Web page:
Remembering Azam Khan

Cultural Correspondent | Published: 00:00, Jun 05,2020


Azam Khan

Today is the ninth death anniversary of the legendary singer and freedom fighter Azam Khan, who shaped the country’s music scene by introducing a new genre and inspired countless fan followers who fondly called him ‘guru’ to follow in his footsteps.

This correspondent spoke to his long time friend and peer Ferdous Wahid, lead vocalist and bass guitarist of Miles Shafin Ahmed and singer Partha Barua who shared their thoughts on Azam Khan and recalled his contribution.

Ferdous Wahid said, ‘Firoz Shai introduced me to Azam Khan in 1972 before Uchcharan was founded. I had just returned from the United Kingdom. Both Azam Khan and I decided to try something new together. I told Azam Khan that we needed to talk to the musicians at Hotel Intercontinental about doing gigs. We rented a recording studio named Dhaka Record Company and recorded four songs there. Dhaka Record Company liked our songs and proposed to publish a gramophone record. After the record was published, it received immense response from the youths. They sold a total of 7,000 copies of the album within a week of its release. His song “Ore Saleka Ore Maleka” became an immense hit.’

‘I had spent a good deal of time with him. No one can deny his contribution to the country’s rock music scene. Azam Khan introduced and promoted a new genre of music in Bangladesh. Besides, he was a freedom fighter, a simple-minded and kind person. He phoned me before travelling to Singapore for his treatment and told me to keep doing music,’ added Ferdous Wahid.

Shafin Ahmed said, ‘Azam Khan was the Bangla rock music pioneer. When Azam Khan started performing in the mid ‘70s along with his band Uchcharan, I was studying at school. I used to go to his concerts along with my friends which were held at different indoor venues in the capital. I found myself drawn to the band’s songs because its members had sound knowledge of western rock music. In their hit Bangla songs, including “Ore Saleka Ore Maleka”, “Ashi Ashi Bole Tumi”, “Rail Line-er Oi Bostite” and others, they beautifully incorporated western rock music.’

‘Azam Bhai loved me a lot. He was very kind, cheerful and health conscious person who loved to play cricket with children. I was greatly inspired by him. His contribution in popularising Bangla rock songs among Bangladeshi musicians cannot be forgotten. We are all grateful to him. He encouraged many bands like Miles, Souls, Feedback and others during late ‘70s and early ‘80s,’ added Shafin Ahmed.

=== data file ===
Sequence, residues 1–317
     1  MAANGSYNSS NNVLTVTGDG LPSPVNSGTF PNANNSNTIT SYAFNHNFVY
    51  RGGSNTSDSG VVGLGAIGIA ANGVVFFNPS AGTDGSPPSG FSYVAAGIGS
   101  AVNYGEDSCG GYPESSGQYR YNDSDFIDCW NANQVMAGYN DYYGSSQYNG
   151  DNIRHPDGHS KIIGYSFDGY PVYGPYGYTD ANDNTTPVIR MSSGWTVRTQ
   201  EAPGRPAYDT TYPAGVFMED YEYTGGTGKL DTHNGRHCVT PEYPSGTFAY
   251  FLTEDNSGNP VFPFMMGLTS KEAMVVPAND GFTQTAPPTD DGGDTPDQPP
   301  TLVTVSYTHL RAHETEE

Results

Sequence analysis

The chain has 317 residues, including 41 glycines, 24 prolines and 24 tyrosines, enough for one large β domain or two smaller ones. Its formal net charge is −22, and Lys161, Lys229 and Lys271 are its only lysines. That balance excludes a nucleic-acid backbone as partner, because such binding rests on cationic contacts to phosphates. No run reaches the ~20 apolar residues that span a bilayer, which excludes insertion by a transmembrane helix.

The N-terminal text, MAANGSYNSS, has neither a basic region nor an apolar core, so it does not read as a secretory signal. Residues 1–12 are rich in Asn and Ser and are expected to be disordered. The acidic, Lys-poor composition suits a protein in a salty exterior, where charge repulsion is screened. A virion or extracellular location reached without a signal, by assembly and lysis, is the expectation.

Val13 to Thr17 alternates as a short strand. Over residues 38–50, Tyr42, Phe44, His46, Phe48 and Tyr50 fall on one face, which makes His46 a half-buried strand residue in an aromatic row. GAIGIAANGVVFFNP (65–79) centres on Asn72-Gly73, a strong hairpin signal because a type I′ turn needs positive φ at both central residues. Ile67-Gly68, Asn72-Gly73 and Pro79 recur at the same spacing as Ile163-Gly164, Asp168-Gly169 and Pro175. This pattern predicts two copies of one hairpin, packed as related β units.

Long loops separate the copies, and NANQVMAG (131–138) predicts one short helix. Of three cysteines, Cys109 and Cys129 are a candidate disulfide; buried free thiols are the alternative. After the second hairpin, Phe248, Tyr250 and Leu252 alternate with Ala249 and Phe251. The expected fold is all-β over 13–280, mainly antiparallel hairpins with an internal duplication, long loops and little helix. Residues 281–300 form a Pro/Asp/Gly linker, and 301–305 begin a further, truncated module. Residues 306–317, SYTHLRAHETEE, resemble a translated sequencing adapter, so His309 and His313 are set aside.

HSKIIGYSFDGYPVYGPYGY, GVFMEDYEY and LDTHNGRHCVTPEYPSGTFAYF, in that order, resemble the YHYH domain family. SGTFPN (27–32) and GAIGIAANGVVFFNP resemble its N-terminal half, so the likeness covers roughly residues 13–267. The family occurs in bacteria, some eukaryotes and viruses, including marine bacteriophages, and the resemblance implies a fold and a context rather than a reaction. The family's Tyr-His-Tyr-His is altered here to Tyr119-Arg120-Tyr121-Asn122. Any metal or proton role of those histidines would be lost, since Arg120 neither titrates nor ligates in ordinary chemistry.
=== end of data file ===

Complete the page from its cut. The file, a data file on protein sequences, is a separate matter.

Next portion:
Partha Barua said, ‘I had the chance of working with him in an album named “Kichu Chawa”. He shaped our music scene. Without his contributions, Bangla rock music would have needed much more time to reach where it stands now. Maximum songs of Azam Khan were guitar based. He did ground-breaking works and for which he was fondly called “guru” by all.’

‘When he was in his prime, there was none who could match his level. It is unfortunate that our musicians don’t get the recognition they deserve during their lifetime. He occupies a special place in the history of Bangla rock music,’ added Partha.

Mahbubul Haque Khan, popularly known as Azam Khan, was born on February 28, 1950 in Dhaka.

He was the member of ‘Kranti Group of Singers’ in 1960s. He joined the liberation war under sector-2 and took part in various guerrilla operations in Dhaka.

After the war, he along with his friends formed a pop music band called Uchcharan. Azam Khan was the vocalist of the band. He set off a unique style incorporating western music with the local music trend.

His songs spoke of the daily struggles of common people, their sorrows and happiness and their dreams.

He released 17 albums and 25 duet and mixed albums. Besides, he rendered playbacks for many films and also acted in ‘Hiramon’ (1986) and ‘Godfather’ (2003).

Azam Khan received the Best Pop Singer Award (1993), Television Audience Award (2002) and others. He died on June 5, 2011 at the Combined Military Hospital (Dhaka) at the age of 61. He was suffering from lung cancer.

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